Recall Election Results: Newsom staves off recall effort, wins in a landslide

Gavin Newsom will remain in the governor’s mansion after recall fails at the ballot box.

By Matthew Royer, Political News Editor

After a years-long recall election effort, California voters have their say, allowing Gov. Gavin Newsom to finish his term in office.

“No” bested “Yes” on the first question in a runaway victory, while on the second question, despite the results not being officially counted, Larry Elder (R) finished ahead of the pack of 46 candidates with a margin of more than thirty percent between him and his closest challenger. While the votes are still being tallied, the race was called by the Associated Press at 8:46 p.m. shortly after other major news outlets.

Newsom spoke shortly after the race was called in his favor.

“No is not the only thing that was expressed tonight,” Newsom said, less than an hour after polls closed. “We said yes to science. We said yes to vaccines. We said yes to ending this pandemic.”

At 10:03 p.m. Elder conceded to Newsom with a message for his supporters.

“Let's be gracious in defeat," the radio host said. "We may have lost the battle, but we are going to win the war.”

These results come after President Joe Biden visited California on Monday. Biden first observed the wildfires in Lake Tahoe, then set out to campaign for Newsom in Long Beach, giving a message to potential voters.

“Folks, send a message to the nation: Courage matters. Leadership matters. Science matters. Vote to keep Gavin. Get vaccinated to save lives,” said Biden to a crowd of hundreds, in a speech broadcast by CSPAN.

At the rally, Biden was joined by Newsom, Long Beach Mayor Robert Garcia (D) and San Fernando Valley native Sen. Alex Padilla (D-CA).

The recall effort had sparked momentum during the beginning stages of the COVID-19 pandemic, with “Grass-roots conservatives” launching a movement to remove Newsom over “coronavirus restrictions,” according to The Washington Post.

After a judge gave the recall campaign an extra four months to collect signatures, the effort succeeded in enacting the state’s recall laws by collecting more than 1.6 million signatures.

According to Sec. Dr. Shirley Weber’s government website, “to qualify a recall of the Governor for the ballot, proponents need a minimum of 1,495,709 valid petition signatures. This is equal to 12 percent of the votes cast for the office of Governor in 2018, which is the last time the office was on the ballot.”

As previously reported by The Valley Star, voters went to the polls or voted by mail to answer two questions listed on the ballot.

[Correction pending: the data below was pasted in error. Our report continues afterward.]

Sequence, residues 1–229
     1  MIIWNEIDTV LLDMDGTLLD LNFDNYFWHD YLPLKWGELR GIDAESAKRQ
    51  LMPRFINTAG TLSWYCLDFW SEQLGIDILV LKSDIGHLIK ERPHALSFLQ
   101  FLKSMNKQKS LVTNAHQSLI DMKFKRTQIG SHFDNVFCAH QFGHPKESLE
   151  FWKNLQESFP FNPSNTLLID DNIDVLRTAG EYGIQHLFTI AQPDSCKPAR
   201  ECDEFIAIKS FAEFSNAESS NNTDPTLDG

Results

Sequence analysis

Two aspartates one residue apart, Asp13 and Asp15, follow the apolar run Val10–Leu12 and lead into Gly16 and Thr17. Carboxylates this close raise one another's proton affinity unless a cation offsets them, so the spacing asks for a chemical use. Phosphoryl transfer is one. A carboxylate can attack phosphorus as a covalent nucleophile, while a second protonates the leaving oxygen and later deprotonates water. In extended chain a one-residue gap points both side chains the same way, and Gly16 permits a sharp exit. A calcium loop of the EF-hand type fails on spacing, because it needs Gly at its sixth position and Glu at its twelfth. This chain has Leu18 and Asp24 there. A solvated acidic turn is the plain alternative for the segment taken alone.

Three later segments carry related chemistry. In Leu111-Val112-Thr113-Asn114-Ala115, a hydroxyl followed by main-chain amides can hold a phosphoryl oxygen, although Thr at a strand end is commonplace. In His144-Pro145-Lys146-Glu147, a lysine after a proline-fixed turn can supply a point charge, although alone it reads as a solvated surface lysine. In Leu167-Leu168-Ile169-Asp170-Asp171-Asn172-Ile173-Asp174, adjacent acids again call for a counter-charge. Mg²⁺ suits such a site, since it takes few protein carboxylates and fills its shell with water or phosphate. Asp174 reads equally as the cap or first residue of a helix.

The first question placed on the ballot presented a yes or no question, “Shall GAVIN NEWSOM be recalled (removed) from the office of Governor?”

If a majority of voters voted in the affirmative, Gov. Newsom would have been removed from the office of governor. His replacement would have been selected based upon the result of the second question on the ballot.

The second question asked, “Who shall replace GAVIN NEWSOM if he is recalled?”

The candidates listed in this question included statistical frontrunner radio-host Larry Elder (R) - who was seen as the top candidate to replace Newsom, San Diego Mayor Kevin Faulconer (R), YouTuber Kevin Paffrath (D) and former gold-medal winning Olympian Caitlyn Jenner (R) among others.

Elder, who already had conceded defeat, echoed former President Donald Trump and claimed he had detected fraud on his website Monday, according to New York Magazine.

This was done despite the election occurring the day after and Elder himself still campaigning for the position of governor.

Newsom is up for reelection in November of 2022, with a top-two primary election occurring on June 22. While Faulconer has already declared his candidacy for the office, Elder still has not announced whether he will seek the office of governor once more.

As for the recall process, Sen. Steve Glazer (D-Orinda) announced on his Twitter Monday night that he and Assemblymember Marc Berman (D-Menlo Park) would be meeting to introduce constitutional amendments in the state legislature to “fix a broken recall system.”

Towards the end of his remarks, Newsom gave a warning for those he felt abused the recall system.

“Politics isn’t a football, you don’t throw it around,” said Newsom. “It’s more like an antique vase. It can drop and smash into a million different pieces.”